adjacency matrix


Let G=(V,E) be a graph with vertex set V={v1,,vn} and edge set E. The adjacency matrixMathworldPlanetmath MG=(mij) of G is defined as follows: MG is an n×n matrix such that

mij={1if {vi,vj}E0otherwise.

In other words, start with the n×n zero matrixMathworldPlanetmath, put a 1 in (i,j) if there is an edge whose endpointsMathworldPlanetmath are vi and vj.

For example, the adjacency matrix of the following graph



Remarks. Let G be a graph and MG be its adjacency matrix.

  • MG is symmetricPlanetmathPlanetmathPlanetmathPlanetmath with 0’s in its main diagonal.

  • The sum of the cells in any given column (or row) is the degree of the corresponding vertex. Therefore, the sum of all the cells in MG is twice the number of edges in G.

  • MG=𝟏-I iff G is a complete graphMathworldPlanetmath. Here, 𝟏 is the matrix whose entries are all 1 and I is the identity matrixMathworldPlanetmath.

  • If we are given a symmetric matrix M of order n whose entries are either 1 or 0 and whose entries in the main diagonal are all 0, then we can construct a graph G such that M=MG.


The above definition of an adjacency matrix can be extended to multigraphsMathworldPlanetmath (multiple edges between pairs of vertices allowed), pseudographsMathworldPlanetmath (loops allowed), and even directed pseudographs (edges are directional). There are two cases in which we can generalize the definition, depending on whether edges are directional.

  1. 1.

    (Edges are not directional).

    Since a multigraph is just a special case of a pseudograph, we will define MG for a pseudograph G. Let G=(V,E) be a pseudograph with V={v1,,vn} The adjacency matrix MG=(mij) of G is an n×n matrix such that mij is the number of edges whose endpoints are vi and vj. Again, MG is symmetric, but the main diagonal may contain non-zero entries, in case there are loops.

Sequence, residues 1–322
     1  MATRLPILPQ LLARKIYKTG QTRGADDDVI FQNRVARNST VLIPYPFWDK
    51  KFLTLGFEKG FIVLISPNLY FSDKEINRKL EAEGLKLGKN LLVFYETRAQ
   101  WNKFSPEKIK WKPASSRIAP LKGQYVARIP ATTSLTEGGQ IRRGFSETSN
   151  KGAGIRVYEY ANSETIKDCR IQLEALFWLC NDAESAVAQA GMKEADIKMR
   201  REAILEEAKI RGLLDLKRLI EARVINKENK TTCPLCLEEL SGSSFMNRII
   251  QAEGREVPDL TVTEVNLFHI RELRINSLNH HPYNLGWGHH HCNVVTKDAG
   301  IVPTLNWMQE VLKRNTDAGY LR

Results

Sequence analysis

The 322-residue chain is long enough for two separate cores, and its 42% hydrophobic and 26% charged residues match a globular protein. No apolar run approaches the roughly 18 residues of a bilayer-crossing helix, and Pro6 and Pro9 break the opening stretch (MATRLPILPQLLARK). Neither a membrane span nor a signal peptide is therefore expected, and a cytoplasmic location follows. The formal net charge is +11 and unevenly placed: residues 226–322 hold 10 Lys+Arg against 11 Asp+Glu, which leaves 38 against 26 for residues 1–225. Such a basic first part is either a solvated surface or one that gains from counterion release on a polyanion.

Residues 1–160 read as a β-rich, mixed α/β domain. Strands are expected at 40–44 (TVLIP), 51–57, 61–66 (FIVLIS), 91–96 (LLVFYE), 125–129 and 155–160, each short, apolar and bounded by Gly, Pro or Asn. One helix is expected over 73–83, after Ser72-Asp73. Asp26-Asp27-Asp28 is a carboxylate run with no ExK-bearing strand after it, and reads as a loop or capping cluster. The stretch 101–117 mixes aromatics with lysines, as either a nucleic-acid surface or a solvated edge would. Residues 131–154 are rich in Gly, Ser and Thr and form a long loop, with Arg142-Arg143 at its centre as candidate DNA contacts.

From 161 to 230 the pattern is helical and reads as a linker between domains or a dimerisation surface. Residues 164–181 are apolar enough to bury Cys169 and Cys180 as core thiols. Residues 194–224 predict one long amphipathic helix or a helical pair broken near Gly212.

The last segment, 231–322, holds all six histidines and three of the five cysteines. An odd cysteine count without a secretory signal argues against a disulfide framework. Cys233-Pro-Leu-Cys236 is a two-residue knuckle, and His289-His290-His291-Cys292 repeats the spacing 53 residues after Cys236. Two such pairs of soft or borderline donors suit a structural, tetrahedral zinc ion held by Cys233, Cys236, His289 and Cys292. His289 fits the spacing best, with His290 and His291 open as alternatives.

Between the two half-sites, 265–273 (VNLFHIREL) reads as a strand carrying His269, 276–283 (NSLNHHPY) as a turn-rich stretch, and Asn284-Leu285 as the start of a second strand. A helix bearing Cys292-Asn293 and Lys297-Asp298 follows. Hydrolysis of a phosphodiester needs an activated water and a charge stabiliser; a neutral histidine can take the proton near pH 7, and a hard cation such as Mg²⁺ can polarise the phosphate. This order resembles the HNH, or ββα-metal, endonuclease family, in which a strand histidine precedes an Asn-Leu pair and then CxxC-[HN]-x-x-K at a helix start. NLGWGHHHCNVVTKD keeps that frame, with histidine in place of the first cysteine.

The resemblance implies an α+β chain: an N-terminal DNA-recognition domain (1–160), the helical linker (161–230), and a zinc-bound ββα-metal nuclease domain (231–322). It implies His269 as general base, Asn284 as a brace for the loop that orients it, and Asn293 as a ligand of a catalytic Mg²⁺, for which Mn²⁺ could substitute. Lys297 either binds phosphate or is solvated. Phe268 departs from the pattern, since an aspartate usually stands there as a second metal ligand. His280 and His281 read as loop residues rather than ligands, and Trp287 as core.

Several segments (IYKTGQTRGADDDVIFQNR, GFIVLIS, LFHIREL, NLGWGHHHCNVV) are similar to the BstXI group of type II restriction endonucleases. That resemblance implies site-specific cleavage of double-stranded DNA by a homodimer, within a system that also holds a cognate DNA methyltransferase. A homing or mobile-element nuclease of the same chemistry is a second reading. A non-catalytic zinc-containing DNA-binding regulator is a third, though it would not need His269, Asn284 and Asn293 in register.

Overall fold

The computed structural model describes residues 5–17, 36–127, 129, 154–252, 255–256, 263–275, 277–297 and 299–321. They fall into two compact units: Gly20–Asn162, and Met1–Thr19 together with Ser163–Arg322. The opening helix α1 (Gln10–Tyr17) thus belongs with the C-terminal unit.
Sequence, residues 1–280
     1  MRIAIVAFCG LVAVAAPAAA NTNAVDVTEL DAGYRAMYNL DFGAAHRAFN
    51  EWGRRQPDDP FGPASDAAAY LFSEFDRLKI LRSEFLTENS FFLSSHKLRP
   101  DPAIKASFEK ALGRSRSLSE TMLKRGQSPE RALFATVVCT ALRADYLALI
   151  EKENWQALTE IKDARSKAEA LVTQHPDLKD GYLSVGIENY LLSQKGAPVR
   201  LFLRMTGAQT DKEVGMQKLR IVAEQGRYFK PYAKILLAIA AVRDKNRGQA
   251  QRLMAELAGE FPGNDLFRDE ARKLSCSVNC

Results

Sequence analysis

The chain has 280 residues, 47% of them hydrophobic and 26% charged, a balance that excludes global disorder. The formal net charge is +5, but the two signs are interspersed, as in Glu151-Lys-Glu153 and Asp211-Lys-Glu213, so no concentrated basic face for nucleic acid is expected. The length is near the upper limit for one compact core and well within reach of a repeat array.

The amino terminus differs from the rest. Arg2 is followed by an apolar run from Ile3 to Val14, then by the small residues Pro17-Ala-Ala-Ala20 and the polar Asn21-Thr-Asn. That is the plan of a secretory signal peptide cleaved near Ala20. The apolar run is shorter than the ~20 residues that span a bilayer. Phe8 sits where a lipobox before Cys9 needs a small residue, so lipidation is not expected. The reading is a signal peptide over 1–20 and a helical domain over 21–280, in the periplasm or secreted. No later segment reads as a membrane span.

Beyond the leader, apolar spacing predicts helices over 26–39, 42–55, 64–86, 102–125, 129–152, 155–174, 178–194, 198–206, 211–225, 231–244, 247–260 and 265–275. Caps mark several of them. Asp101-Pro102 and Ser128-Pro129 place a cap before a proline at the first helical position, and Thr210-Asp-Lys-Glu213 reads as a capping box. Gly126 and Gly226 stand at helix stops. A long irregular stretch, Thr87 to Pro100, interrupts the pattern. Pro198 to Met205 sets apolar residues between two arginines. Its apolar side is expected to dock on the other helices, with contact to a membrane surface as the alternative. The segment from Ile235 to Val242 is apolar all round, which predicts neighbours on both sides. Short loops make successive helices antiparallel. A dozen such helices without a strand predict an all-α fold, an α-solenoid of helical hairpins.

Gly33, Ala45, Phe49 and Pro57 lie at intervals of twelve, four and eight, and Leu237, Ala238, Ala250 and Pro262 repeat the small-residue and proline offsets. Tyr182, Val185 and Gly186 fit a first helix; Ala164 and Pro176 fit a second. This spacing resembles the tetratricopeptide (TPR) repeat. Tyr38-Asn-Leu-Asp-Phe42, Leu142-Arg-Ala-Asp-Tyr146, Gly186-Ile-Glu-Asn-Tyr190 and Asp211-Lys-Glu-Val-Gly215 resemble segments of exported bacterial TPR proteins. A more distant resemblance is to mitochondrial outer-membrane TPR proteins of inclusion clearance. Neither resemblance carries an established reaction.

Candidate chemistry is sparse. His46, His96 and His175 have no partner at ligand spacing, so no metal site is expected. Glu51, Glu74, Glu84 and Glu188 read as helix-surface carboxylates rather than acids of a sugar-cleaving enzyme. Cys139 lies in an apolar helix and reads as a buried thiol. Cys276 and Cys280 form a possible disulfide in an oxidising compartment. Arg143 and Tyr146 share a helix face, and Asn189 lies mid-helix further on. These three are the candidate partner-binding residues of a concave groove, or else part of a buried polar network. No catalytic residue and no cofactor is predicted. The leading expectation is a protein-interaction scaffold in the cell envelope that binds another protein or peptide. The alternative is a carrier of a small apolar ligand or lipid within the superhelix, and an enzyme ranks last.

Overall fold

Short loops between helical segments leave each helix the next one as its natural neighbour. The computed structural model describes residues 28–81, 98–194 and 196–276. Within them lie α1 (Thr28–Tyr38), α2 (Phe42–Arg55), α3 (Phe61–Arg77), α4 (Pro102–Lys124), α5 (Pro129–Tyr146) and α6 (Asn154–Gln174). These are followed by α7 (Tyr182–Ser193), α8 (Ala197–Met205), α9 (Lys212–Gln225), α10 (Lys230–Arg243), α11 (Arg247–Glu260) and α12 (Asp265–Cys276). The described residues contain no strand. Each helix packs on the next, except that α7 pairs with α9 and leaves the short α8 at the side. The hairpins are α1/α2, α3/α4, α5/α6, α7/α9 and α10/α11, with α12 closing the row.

2. 2.

    (Edges are directional).

    Since a digraphMathworldPlanetmath is a special case of a directed pseudograph, we again define MG in the most general setting. Let G=(V,E) be a directed pseudograph with V={v1,,vn} and EV×V×({0}). The adjacency matrix MG of G is an n×n matrix such that


    In other words, mij is the number of directed edges from vi to vj.


  • If G is a multigraph, then the entries in the main diagonal of MG must be all 0.

  • If G is a graph, then MG corresponds to the original definition given in the previous sectionPlanetmathPlanetmathPlanetmathPlanetmathPlanetmath.

  • If G is a digraph, then entries MG consists of 0’s and 1’s and its main diagonal consists of all 0’s.

  • Given any square matrixMathworldPlanetmath M, there is a directed pseudograph G with M=MG. In additionPlanetmathPlanetmath, M corresponds to adjacency matrix of various types of graphs if appropriate conditions are imposed on M

  • Generally, one can derive a pseudograph from a directed pseudograph by “forgetting” the order in the ordered pairs of vertices. If G is a directed pseudograph and G is the corresponding derived pseudograph. Let MG=(mij) and MG=(nij), then nij=mij+mji.

    In the languagePlanetmathPlanetmath of category theoryMathworldPlanetmathPlanetmathPlanetmathPlanetmath, the above operationMathworldPlanetmath is done via a forgetful functorMathworldPlanetmathPlanetmath (from the categoryMathworldPlanetmath of directed pseudographs to the category of pseudographs). Other forgetful functors between categories of various types of graphs are possible. In each case, the forgetful functor has an associated operation on the adjacency matrices of the graphs involved.

Title adjacency matrix
Canonical name AdjacencyMatrix
Date of creation 2013-03-22 17:22:43
Last modified on 2013-03-22 17:22:43
Owner CWoo (3771)
Last modified by CWoo (3771)
Numerical id 7
Author CWoo (3771)
Entry type Definition
Classification msc 05C50